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Donald Trump concedes healthcare defeat but still refuses to take any responsibility

A Republican plan to only repeal Obamacare, and replace later, already appears to be struggling in the Senate 

Alexandra Wilts
Washington DC
Tuesday 18 July 2017 23:18 BST
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President Donald Trump
President Donald Trump (AP)

In a rare move, Donald Trump has conceded defeat – admitting that Republican efforts to repeal and replace Obamacare, one of his key campaign promises, have been unsuccessful.

In the days marking the end of his first six months as President, competing interests of Senate Republicans on healthcare came to a head, with multiple legislators announcing that they could not support the healthcare overhaul proposed by the Republican leadership.

Along with Mr Trump, several Republicans had ran on campaign platforms that called for repealing and replacing the Affordable Care Act, otherwise known as Obamacare – a pillar of former President Barack Obama’s legacy.

But rather than taking any responsibility for the failure of Republican efforts, Mr Trump still blamed Democrats and other Republicans for the loss on healthcare and focused on the faults of Obamacare law rather than internal party politics.

“For seven years, I've been hearing ‘repeal and replace’ from Congress, and I've been hearing it loud and strong,” Mr Trump told reporters on Tuesday. “And then when we finally get a chance to repeal and replace, they don't take advantage of it. So, that's disappointing.”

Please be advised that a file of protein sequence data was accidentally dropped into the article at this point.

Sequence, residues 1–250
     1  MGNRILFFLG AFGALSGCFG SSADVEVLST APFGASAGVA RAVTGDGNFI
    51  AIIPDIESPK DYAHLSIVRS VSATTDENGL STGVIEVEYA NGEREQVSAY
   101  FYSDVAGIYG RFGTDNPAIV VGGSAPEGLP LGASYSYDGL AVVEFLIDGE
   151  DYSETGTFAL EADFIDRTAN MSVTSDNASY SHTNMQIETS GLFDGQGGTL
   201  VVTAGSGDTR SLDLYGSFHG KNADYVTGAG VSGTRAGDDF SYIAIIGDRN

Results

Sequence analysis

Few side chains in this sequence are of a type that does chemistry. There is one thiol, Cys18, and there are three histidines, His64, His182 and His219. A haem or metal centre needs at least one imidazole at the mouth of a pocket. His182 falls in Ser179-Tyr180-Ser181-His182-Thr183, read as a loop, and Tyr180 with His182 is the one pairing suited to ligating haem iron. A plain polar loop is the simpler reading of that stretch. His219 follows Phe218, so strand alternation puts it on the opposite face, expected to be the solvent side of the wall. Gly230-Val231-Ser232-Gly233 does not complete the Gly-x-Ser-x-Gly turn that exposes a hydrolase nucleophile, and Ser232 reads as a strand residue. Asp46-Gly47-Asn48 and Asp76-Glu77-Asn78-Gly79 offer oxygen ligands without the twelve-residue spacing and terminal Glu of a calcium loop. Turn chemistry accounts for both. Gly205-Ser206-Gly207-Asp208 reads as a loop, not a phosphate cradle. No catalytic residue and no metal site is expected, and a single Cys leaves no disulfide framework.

“So I’m very – I would say I’m disappointed in what took place,” Mr Trump continued. “We’ll go on and we’ll win – we’re going to win on taxes, we’re going to win on infrastructure, and lots of other things that we’re doing.”

“We’ve had a lot of victories, but we haven’t had a victory on healthcare. We’re disappointed.”

Mr Trump said that his plan was now “to let Obamacare fail, it will be a lot easier.”

“And I think we're probably in that position where we'll let Obamacare fail,” the President said. “We're not going to own it. I'm not going to own it. I can tell you the Republicans are not going to own it. We'll let Obamacare fail and then the Democrats are going to come to us.”

About 20 million people gained health insurance coverage through Obamacare. But Republicans say that it has driven up premiums and forced consumers to buy insurance they do not want and cannot afford.

Despite consistent criticism of the ACA, Republicans have been unable to agree on what a suitable replacement for the law should look like, and Senate Majority Leader Mitch McConnell struggled to gain support for his repeal and replacement bill.

Moderate senators worried that millions of people would lose their insurance following cuts to Medicaid – a healthcare programme for the poor – while conservatives asserted that the bill did not do enough to erase Mr Obama's signature domestic legislation.